In short, Congress is focused on monumentally important issues like money laundering, election security, and conflicts of interest, and the subpoenas in these cases are critical to its ability to legislate effectively in these areas.

The Stakes for Separation of Powers and Why Congress Must be Allowed to Investigate

Third, several briefs explain that if the courts limit Congress’s power to carry out investigations, including investigations of the President, that decision would destabilize the balance of powers so carefully designed by the Framers.

Separation-of-powers law professors, for example, argue that congressional oversight provides the public with valuable information about executive officers, informs Congress about executive abuses, and acts as a powerful deterrent against corruption.  None of these purposes make Congress’s investigations “law enforcement,” as the President has argued. Furthermore, these subpoenas do not undermine the separation of powers because the information they seek is non-official, non-privileged, and does not take the President away from his official duties as President.

In fact, a brief by former senior Department of Justice (DOJ) officials argues that a decision preventing these subpoenas would actually undermine the separation of powers. Relying on their experience as leaders in the executive branch, they argue that the President’s attempts to nullify subpoena requests would set a new and heightened standard never before applied to congressional subpoenas, thus disrupting our system of checks and balances.  Likewise, the ACLU’s brief argues that courts should reject the President’s sweeping claim of immunity from congressional subpoenas in order to uphold the separation of powers in our constitutional system.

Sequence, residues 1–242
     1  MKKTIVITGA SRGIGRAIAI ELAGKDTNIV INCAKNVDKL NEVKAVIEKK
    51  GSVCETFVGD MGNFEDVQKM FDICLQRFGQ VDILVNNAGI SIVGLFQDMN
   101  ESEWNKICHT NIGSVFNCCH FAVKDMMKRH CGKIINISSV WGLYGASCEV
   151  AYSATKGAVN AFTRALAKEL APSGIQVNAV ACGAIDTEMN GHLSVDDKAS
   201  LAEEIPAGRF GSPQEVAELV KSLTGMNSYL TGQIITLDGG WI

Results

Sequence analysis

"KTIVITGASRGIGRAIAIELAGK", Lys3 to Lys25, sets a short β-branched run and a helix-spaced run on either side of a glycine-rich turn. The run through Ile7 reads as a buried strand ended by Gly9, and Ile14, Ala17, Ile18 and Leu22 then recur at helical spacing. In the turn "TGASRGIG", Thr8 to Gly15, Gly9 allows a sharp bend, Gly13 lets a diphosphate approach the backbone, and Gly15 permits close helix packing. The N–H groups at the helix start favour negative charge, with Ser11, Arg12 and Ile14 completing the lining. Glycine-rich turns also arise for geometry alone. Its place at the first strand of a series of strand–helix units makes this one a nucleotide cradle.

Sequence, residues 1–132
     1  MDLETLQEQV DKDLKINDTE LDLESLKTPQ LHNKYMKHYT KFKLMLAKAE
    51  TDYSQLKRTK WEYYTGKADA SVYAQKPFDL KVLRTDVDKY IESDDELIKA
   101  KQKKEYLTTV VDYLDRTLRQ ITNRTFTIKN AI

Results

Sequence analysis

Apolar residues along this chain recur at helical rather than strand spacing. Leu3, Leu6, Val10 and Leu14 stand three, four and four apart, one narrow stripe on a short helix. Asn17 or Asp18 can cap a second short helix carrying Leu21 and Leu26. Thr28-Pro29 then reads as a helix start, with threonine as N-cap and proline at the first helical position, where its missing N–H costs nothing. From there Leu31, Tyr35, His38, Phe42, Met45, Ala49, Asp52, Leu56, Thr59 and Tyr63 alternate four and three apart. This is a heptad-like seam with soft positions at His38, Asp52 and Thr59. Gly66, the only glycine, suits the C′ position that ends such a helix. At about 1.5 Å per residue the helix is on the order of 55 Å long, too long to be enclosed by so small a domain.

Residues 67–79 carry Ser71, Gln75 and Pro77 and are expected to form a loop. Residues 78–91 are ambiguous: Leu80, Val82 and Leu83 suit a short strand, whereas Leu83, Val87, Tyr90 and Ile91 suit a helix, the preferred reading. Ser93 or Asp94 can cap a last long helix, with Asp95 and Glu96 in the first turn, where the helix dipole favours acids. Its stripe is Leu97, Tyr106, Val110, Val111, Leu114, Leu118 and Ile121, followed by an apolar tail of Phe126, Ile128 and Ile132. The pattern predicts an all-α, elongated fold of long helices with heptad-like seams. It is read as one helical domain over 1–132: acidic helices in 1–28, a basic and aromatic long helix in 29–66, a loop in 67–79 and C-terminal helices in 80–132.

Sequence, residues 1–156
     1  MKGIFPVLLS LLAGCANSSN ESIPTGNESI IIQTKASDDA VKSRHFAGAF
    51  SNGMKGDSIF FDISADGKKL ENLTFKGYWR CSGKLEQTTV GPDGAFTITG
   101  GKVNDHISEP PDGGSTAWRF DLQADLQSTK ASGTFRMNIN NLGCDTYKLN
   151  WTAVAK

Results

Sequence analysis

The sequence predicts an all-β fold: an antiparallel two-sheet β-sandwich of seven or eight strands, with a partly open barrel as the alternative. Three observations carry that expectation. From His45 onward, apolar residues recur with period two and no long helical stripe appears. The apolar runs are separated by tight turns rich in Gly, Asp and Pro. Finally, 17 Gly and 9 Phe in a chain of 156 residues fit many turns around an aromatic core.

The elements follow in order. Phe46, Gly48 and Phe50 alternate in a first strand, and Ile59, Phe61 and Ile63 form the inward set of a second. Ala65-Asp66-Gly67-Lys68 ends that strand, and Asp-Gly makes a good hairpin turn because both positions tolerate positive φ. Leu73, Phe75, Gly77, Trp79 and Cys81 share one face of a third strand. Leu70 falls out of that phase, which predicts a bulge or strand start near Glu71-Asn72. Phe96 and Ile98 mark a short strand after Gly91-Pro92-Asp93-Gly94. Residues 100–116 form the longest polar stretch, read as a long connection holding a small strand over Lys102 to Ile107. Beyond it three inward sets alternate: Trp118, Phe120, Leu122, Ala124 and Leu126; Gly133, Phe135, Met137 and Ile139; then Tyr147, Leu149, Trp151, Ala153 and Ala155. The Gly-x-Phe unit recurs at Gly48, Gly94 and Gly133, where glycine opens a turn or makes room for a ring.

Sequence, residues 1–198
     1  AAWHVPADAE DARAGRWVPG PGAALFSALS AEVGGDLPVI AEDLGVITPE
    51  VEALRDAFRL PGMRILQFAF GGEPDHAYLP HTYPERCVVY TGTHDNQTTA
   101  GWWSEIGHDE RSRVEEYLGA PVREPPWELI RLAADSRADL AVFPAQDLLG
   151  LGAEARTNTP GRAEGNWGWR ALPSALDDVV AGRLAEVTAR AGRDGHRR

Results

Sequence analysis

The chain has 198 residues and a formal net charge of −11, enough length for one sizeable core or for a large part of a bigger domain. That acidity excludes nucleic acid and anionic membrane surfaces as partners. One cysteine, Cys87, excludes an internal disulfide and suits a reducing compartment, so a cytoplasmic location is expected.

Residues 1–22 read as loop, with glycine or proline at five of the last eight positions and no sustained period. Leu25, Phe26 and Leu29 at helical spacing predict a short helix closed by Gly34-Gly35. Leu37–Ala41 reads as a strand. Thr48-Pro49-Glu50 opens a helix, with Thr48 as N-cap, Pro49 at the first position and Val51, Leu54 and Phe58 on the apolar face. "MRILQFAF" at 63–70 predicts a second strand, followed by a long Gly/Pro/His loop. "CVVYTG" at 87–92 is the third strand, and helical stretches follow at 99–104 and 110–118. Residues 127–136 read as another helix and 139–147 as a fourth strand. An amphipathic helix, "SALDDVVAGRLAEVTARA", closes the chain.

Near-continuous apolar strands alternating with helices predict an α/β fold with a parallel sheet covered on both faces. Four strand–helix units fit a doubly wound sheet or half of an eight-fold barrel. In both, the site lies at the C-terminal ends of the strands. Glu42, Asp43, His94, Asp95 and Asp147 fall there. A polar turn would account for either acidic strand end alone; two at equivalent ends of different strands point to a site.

Finally, from a practical perspective, a bipartisan group of former General Counsels of the House of Representatives and some former Committee staff members argues that if the courts reward the delay tactics currently being used to defy congressional subpoenas, this Administration will provide a roadmap for any future administration to simply delay complying with legitimate subpoenas in an effort to avoid them altogether.  After all, because congressional subpoenas expire at the end of a congressional session, the delay in obtaining these records threatens to prevent the 116th Congress from adequately investigating these issues before the session ends later this year.

Conclusion

As laid out by a diverse array of amicus briefs, the Court’s consideration of these oversight cases should take into account the long history of congressional investigations of the executive branch, the specific legislative importance of the investigations in question, and the stakes for the balance of powers in our government.  All of these issues will be at stake when the Court issues a decision in these cases.